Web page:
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Building Homes from Home: Can Construction Work Be Done Remotely?

Remote Construction

Digitization continues to touch and disrupt all sectors in ways that weren’t thought to be possible. As a result, in the past decade, telecommuting firmly established itself as the new professional norm. However, can sectors that haven’t been traditionally telecommuting-friendly welcome these shifts?

Remote work had its beginnings in the tech world, but it’s no longer a privilege only enjoyed by the wunderkinder coding staff of technology companies. In the past decade, thanks to the rising connectivity and shifts in office cultures, remote work rose by 400 percent. Construction, literally a brick-and-mortar business relying on in-person interactions, hasn’t been quick to respond to these changes.

Nevertheless, any sector that can be disrupted by digitization has ample room optimizing its processes, thus, going remote. Hence, thanks to a manifold of new technologies, “remote construction” is no longer an oxymoron. While there are apparent phases of construction that would need to be done on-site, increasing digitization allows much of the work to be done remotely.

Automation Technologies Enable Remote Construction

Construction remains one of the least digitized industries, which means most projects are much more expensive and time-consuming than they could be. However, in the last several years, many industry executives have been embracing construction technologies and digitization.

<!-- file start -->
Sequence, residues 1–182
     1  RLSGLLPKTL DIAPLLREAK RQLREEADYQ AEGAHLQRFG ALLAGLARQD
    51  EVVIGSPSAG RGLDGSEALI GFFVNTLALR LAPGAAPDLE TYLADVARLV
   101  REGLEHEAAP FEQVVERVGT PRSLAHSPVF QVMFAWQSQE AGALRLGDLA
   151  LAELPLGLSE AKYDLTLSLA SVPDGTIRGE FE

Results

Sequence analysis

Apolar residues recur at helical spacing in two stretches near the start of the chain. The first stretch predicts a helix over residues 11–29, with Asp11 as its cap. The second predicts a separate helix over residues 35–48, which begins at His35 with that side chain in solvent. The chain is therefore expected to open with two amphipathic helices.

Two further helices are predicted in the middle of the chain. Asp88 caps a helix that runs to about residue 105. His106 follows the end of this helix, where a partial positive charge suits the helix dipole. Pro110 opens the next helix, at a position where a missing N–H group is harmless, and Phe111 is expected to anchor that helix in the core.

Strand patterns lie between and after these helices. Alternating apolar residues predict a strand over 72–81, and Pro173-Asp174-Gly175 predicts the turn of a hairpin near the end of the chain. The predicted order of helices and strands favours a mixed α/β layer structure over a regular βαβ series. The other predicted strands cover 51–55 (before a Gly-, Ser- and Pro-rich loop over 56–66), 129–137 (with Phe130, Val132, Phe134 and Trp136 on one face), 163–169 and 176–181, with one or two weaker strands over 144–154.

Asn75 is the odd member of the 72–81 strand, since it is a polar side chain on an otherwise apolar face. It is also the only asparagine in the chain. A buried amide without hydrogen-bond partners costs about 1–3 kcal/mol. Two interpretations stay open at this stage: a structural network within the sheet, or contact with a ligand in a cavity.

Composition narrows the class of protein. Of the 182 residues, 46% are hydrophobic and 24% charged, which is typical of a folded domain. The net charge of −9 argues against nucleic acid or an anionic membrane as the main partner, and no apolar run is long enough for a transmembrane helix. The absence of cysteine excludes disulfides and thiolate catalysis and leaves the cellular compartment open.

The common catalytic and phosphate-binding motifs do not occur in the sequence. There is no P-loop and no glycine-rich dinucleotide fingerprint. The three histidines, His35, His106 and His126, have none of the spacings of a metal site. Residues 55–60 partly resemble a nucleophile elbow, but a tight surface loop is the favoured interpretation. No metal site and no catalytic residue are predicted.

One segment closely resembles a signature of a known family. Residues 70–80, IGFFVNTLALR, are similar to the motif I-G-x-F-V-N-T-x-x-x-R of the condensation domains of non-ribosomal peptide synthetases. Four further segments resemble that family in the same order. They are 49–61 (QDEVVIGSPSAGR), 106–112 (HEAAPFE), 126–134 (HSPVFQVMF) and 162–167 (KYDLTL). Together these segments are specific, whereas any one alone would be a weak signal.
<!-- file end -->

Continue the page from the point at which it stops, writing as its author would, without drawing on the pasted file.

By now, construction technology, often abbreviated as ConTech, is a burgeoning industry by its own right. Particularly advancements in big data, 3D printing, AI, and automation technologies like drones and robotics, saw mainstream adaptations by construction companies. These technologies enable remote construction by bringing new ways for planners and laborers to do less on-site and more on-line.

Furthermore, due to the nature of the work, construction companies rely on person-to-person interactions. However, wide acculturation to powerful collaboration tools like BIM can also minimize the time needed to be on-site. As BIM technologies are evolving, software developers are adding new features to empower remote collaborations.

Is Remote Construction the Future?

While digital technologies are unlikely to replace human labor in construction sites entirely, many experts anticipate that remote construction will add fundamental value to the industry.

According to Jeevan Kalanithi, CEO of OpenSpace – a smart analytics tool – remote construction is already challenging the norms of an industry that’s notoriously slow to embrace technological changes.

Speaking to the technology website ZDNet, Kalanthini described the impact of remote construction as “[s]imilar to how telehealth will improve accessibility by bringing the doctor to the patient.”

However, even though construction hasn’t always been digitally progressive, Kalanthini already observed positive changes in the field, which he feels will continue.

[W]e believe that ‘tele-building’ will soon take off to scale the expertise of our superintendents, project managers, inspectors, and foremen. If your captures of the site are high-quality, you can reduce the amount of in-person visits needed, saving time and money, as well as improving knowledge transfer.

Jeevan Kalanithi, CEO of OpenSpace

Companies Must Adapt to Digital Construction

There’s no doubt that the rising appetite for digitization will benefit the construction industry in immeasurable ways.

In the upcoming years, future-forward companies will likely continue to look for novel ways to boost their remote construction operations. Hence, from developers to distributors, all construction employees must adapt to technologies such as BIM, 3D printing, robots, drones, and sensors on construction sites.

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